Criminals Infiltrate 25% of Sport, Anti-Doping Chief Says

A quarter of all sport played globally is infiltrated by criminals, the director general of the World Anti-Doping Agency told reporters today in London.

“The people who are distributing and making a lot of money out of steroids -- not necessarily at elite level but even at kids’ levels -- are the same bad guys who are match-fixing and involved with bribery,” David Howman said in an interview at the Securing Sport conference hosted by the Doha-based International Centre for Sport Security.

Howman said the 25 percent figure is based on information from law enforcement authorities. WADA was founded in 1999 as an independent agency funded by governments and the International Olympic Committee to monitor the World Anti-Doping Code.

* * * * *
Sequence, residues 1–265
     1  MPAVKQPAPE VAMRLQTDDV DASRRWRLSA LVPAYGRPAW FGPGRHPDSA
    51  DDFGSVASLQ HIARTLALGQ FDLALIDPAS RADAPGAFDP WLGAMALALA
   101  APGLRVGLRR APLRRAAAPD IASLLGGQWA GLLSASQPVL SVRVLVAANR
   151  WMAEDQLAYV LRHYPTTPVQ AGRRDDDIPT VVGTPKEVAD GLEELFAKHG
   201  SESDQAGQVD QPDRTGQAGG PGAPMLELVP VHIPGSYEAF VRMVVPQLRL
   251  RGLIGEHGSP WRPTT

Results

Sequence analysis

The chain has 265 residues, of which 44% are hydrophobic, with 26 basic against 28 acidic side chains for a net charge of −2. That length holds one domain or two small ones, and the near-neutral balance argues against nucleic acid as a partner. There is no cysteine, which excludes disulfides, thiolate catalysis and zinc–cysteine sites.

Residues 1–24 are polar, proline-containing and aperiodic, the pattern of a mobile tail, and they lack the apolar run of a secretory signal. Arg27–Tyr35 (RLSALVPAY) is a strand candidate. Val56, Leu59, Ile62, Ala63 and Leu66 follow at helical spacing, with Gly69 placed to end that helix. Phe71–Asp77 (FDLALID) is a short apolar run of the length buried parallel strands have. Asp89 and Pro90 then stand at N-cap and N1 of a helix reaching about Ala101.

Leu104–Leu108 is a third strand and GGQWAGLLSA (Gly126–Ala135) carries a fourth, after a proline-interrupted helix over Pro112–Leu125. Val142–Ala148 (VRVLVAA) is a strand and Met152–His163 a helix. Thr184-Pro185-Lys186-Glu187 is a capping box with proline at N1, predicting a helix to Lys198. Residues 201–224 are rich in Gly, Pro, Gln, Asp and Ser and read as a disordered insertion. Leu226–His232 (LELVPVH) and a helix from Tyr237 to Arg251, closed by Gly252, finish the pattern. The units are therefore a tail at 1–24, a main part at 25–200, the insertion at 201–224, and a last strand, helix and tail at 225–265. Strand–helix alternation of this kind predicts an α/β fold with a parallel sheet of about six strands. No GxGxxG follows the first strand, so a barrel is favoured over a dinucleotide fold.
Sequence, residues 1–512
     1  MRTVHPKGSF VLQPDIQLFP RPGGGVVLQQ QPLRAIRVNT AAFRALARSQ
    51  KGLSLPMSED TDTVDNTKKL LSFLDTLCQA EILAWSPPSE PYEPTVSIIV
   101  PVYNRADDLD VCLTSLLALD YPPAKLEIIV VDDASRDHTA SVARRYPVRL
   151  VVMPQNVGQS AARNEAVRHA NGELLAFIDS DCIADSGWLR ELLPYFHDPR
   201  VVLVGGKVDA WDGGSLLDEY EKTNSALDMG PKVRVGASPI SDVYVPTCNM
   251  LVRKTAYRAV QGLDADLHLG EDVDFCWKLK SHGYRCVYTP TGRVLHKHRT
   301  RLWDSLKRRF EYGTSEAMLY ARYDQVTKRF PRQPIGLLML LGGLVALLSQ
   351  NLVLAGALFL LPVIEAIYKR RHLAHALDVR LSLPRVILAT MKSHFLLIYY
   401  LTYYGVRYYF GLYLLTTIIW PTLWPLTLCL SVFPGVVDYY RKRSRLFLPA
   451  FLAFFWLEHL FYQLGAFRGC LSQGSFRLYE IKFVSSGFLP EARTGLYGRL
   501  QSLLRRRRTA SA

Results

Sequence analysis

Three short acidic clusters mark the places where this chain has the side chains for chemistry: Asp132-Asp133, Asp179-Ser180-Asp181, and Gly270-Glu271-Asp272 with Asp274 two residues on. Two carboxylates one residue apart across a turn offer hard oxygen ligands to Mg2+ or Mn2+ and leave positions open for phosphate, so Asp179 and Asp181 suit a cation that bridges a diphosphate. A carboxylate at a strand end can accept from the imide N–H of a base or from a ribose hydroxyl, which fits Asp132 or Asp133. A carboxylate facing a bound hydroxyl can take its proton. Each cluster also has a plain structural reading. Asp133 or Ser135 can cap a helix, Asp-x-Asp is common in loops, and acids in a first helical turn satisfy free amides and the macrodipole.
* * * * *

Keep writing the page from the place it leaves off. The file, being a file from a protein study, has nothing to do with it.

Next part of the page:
A 2013 Australian report detailing use of banned drugs in elite sports facilitated by organized crime highlighted the need for a global agency to fight bribery and match-fixing in sport as well as doping, he said.

The Australian Crime Commission’s report identified the use of substances including peptides, hormones and illicit drugs across a number of sports in a nation that had a reputation for having a predominantly drug-free sporting culture.

“The WADA model is very successful, because you’ve got governments and sports partnering,” Howman said. “You need that same partnership to combat other aspects of integrity.”

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